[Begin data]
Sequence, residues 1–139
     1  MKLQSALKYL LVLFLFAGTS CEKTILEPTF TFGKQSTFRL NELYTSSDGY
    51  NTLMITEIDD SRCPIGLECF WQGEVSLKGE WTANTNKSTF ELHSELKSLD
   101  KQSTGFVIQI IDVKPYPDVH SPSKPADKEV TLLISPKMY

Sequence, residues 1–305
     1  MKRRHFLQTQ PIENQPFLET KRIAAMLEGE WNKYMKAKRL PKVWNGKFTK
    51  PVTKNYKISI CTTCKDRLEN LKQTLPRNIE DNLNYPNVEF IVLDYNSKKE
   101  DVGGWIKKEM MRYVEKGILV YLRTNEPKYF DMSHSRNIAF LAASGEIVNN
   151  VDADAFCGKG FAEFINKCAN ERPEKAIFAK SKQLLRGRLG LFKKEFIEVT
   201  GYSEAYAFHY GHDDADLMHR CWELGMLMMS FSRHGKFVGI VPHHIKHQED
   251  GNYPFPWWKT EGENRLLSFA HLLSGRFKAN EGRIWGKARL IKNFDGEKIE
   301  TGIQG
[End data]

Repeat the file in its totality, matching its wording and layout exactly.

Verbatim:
Sequence, residues 1–139
     1  MKLQSALKYL LVLFLFAGTS CEKTILEPTF TFGKQSTFRL NELYTSSDGY
    51  NTLMITEIDD SRCPIGLECF WQGEVSLKGE WTANTNKSTF ELHSELKSLD
   101  KQSTGFVIQI IDVKPYPDVH SPSKPADKEV TLLISPKMY

Sequence, residues 1–305
     1  MKRRHFLQTQ PIENQPFLET KRIAAMLEGE WNKYMKAKRL PKVWNGKFTK
    51  PVTKNYKISI CTTCKDRLEN LKQTLPRNIE DNLNYPNVEF IVLDYNSKKE
   101  DVGGWIKKEM MRYVEKGILV YLRTNEPKYF DMSHSRNIAF LAASGEIVNN
   151  VDADAFCGKG FAEFINKCAN ERPEKAIFAK SKQLLRGRLG LFKKEFIEVT
   201  GYSEAYAFHY GHDDADLMHR CWELGMLMMS FSRHGKFVGI VPHHIKHQED
   251  GNYPFPWWKT EGENRLLSFA HLLSGRFKAN EGRIWGKARL IKNFDGEKIE
   301  TGIQG